After discussions with the Premiers, the Liberal national caucus, the Cabinet and opposition leaders, the federal government announced yesterday it will invoke the Emergencies Act to support ending blockades and public disorder caused by some participants of the “Freedom Convoy” which has impeded supply chains, blocked border crossings, and negatively impacted local populations and businesses.
These never-before-used emergency powers apply to the entire country; however, the measures will be targeted, time limited, and are intended to provide local police services with further resources and tools to manage their response.
It is important to note, this is not the War Measures Act that was invoked in the 1970s in response to the October Crisis and which proved controversial. That Act was replaced with the current Emergencies Act in 1988. The new Act does not suspend rights under the Canadian Charter of Rights and Freedoms, including the right to peaceful and lawful protests.
The Act has significant oversight provisions involving both the House of Commons and the Senate. Once invoked, a motion must be put to Parliament for a vote within seven sitting days, a committee involving all recognized parties from both Houses of Parliament will be struck to provide oversight while the emergency is underway, and the federal powers granted by the Act expire after 30 days. In addition, an inquiry must be held after the emergency has ended with a report issued to both Houses of Parliament within 360 days.
The government’s stated intention is to provide local authorities with the support they need, including the ability to requisition assets such as tow trucks, as long as appropriate compensation is provided. Crowdfunding platforms, as well as their payment processors, will have to register with FINTRAC (Financial Transactions and Reports Analysis Centre of Canada), Canada’s financial services watchdog, and report any large and suspicious transfers. Banks will be able to immediately freeze or suspend any account suspected of funding the convoy, as well as suspend vehicle insurance. The military has not been asked to assist.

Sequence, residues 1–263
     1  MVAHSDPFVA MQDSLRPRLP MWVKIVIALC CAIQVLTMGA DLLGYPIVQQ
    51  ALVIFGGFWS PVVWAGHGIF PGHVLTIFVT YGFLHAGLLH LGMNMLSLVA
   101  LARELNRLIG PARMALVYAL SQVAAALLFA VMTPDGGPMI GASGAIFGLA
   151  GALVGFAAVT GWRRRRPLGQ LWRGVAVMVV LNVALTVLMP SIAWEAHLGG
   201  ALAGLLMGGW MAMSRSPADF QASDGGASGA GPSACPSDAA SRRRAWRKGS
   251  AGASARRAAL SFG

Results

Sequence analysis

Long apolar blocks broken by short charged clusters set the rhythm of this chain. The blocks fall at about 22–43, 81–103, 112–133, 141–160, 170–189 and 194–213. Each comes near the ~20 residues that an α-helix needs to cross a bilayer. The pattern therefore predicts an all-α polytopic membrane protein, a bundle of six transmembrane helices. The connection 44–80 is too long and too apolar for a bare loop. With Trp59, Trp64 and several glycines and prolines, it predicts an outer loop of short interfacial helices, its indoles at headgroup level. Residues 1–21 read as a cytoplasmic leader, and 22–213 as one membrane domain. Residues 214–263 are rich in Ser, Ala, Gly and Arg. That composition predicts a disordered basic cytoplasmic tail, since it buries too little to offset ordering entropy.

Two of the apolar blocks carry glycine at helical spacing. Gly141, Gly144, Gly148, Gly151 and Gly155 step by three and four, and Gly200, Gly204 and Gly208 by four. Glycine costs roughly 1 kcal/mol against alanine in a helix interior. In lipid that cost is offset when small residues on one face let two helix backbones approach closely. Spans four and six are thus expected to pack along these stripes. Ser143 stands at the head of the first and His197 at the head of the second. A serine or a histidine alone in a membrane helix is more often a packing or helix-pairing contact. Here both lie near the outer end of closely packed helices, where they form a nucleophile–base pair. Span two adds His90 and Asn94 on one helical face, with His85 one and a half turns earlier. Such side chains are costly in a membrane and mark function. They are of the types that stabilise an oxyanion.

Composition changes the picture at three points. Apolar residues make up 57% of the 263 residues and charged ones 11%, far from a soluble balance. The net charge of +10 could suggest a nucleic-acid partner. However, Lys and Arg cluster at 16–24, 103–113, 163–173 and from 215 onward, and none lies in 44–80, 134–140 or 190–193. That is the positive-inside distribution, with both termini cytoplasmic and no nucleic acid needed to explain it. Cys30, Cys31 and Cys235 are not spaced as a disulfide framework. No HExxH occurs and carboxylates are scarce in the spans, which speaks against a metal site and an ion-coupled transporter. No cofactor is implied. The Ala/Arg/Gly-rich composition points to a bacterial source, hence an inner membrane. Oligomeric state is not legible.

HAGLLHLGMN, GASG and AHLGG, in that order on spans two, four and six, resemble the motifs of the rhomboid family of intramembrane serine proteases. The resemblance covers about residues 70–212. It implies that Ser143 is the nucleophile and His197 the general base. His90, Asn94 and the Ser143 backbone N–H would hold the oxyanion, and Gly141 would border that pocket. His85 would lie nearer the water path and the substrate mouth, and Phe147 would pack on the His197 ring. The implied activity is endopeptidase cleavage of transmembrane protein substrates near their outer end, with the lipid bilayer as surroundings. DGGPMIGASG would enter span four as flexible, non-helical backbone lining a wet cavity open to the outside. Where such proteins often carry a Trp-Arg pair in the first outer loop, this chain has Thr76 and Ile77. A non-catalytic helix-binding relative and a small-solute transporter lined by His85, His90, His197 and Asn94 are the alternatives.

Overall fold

Invoking the Emergencies Act is already generating a range of reactions from provincial leaders. The premiers of British Columbia, Alberta, Saskatchewan and Manitoba have indicated they do not believe the powers of the Emergencies Act are needed in their respective provinces but haven’t specifically opposed its use. Ontario’s Premier supports using the Act, but the federal Conservatives say the federal government could be inflaming the situation and are encouraging protesters to disperse peacefully. Conversely, the NDP are supportive of invoking the Act and believe action should have been taken sooner, while the Bloq Québécois have indicated they would be willing to support the new temporary federal powers under certain conditions.
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